When Beethoven's musical scribe Wenzel Schlemmer (Ralph Riach, "The House of Mirth ") falls ill just as the maestro is in the final throes of preparing for a public performance, he calls upon a Professor of musical composition for his best student. Anna Holtz (Diane Kruger, "Troy," "Joyeux Noël") arrives and is deemed unsuitable, especially for 'the Beast,' as Schlemmer refers to his boss, but Anna is determined and she stands her ground until she is "Copying Beethoven."
Laura's Review: C+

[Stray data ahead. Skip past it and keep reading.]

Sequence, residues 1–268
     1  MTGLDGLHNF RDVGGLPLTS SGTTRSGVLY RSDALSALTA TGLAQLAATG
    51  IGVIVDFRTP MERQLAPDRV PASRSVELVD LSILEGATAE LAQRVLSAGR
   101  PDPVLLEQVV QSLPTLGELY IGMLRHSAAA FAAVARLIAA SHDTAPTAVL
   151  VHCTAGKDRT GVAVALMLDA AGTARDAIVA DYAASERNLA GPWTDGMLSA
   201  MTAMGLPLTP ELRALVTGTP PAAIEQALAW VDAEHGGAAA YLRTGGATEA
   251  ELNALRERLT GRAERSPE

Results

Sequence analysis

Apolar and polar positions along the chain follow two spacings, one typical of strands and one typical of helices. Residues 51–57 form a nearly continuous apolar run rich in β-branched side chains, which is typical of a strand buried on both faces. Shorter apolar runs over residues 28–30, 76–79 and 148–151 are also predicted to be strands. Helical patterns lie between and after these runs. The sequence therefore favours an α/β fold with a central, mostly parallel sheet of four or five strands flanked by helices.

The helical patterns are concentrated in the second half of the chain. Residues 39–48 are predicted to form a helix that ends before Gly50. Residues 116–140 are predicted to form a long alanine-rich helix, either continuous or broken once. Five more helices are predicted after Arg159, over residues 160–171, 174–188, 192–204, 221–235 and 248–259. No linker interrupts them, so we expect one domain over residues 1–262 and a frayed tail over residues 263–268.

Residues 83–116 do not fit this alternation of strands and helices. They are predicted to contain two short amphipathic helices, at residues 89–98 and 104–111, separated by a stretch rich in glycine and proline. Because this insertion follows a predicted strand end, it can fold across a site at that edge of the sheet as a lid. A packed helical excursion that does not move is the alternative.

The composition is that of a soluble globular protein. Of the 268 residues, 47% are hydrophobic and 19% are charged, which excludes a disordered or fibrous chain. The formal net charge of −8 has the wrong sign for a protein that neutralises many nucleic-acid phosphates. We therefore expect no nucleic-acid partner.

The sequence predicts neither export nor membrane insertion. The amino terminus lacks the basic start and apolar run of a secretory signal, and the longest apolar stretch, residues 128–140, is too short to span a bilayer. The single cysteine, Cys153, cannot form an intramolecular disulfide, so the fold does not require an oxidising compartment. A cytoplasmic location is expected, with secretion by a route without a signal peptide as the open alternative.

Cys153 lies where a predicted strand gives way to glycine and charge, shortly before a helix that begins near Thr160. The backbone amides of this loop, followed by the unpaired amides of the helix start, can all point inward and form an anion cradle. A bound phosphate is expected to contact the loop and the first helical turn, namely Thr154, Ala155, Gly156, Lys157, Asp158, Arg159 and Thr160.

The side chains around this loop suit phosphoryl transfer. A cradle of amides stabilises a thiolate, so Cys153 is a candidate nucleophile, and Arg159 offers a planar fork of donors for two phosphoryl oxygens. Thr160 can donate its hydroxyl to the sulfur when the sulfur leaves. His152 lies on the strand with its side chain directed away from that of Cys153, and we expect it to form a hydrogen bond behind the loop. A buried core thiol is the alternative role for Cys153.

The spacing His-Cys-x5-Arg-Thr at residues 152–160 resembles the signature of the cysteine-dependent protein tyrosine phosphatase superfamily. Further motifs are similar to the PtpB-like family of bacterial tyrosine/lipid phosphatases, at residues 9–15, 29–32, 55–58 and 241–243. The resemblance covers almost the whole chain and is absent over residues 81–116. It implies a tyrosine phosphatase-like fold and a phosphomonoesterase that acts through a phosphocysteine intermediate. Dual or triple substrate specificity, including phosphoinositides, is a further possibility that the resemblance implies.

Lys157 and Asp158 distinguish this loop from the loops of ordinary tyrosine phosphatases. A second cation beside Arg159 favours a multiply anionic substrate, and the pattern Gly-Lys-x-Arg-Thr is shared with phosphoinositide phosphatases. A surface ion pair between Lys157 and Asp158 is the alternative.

The screenwriting team of Stephen J. Rivele and Christopher Wilkinson ("Nixon," "Ali") give the real life composer a feminist reimagining and director Agnieszka Holland ("Washington Square," "Julie Walking Home") delivers a film of decidedly mixed, even weird, results. Diane Kruger is fine in a dubiously defined role, but as Beethoven, Ed Harris ("Pollock," "A History of Violence") veers from childish wonder to bestial boorishness in a strange, if always watchable, performance. In his calmer moments, Harris delivers dialogue that give us insight into the creation of musical art, but it's as if he cannot map his physicality to his words - when his character is introspective, the actor gives Beethoven an unconvincing wide-eyed earnestness, but when the composer rages, Harris looks the part but over emotes questionable lines.) The film begins with an unnecessary and awkward death scene, before rewinding to Holtz's arrival in Vienna. Here is a woman who wishes to become a composer and dares to 'correct' the Ninth Symphony. She lodges with her aunt, Mother Canisius (Phyllida Law, "Saving Grace"), in a convent, but is subjected to Beethoven's nudity in his squalid rooms. Her aunt does not approve and her intended, architectural student Martin Bauer (Matthew Goode, "Match Point," "Imagine Me & You"), finds the maestro's music boring (the film is vague regarding Beethoven's contemporary relevance in 1824). The man who proclaims 'Loneliness is my religion,' is shown having a soft spot for nephew Karl van Beethoven (an unseasoned Joe Anderson), tolerance for the innkeeper (Angus Barnett, "Finding Neverland") who serves his meals, and disdain for everyone else. When Anna's fiance presents his model bridge design at a prestigious competition, Beethoven arrives to call it soulless and smash it to pieces. Having to chose between the two, Anna returns to her maestro to feed her artistic need. The climatic debut of the Ninth Symphony, which the deaf composer conducts with prompting from a hidden Anna, is almost reason enough to recommend the film. It's a stunningly staged sequence and the music is glorious. But the film is too confused, clashing the modern (the feminist bent, Anderson's poor performance) with the historical and ofttimes having it both ways, mostly concisely demonstrated by Beethoven's neighbor. The old woman (Matyelok Gibbs, "Babel") is found sitting on a landing by Anna and confesses that her favorite time is when her neighbor is gone so that she may sit in silence and enjoy the outside air. But then she states she is the envy of all Vienna and has the unparalleled position of hearing his work first. The film's most successful agenda is in linking Beethoven's inspiration to God and nature and noting his revolutionary methods. "Copying Beethoven" may be a muddle, but serious fans of the composer's work should take a look.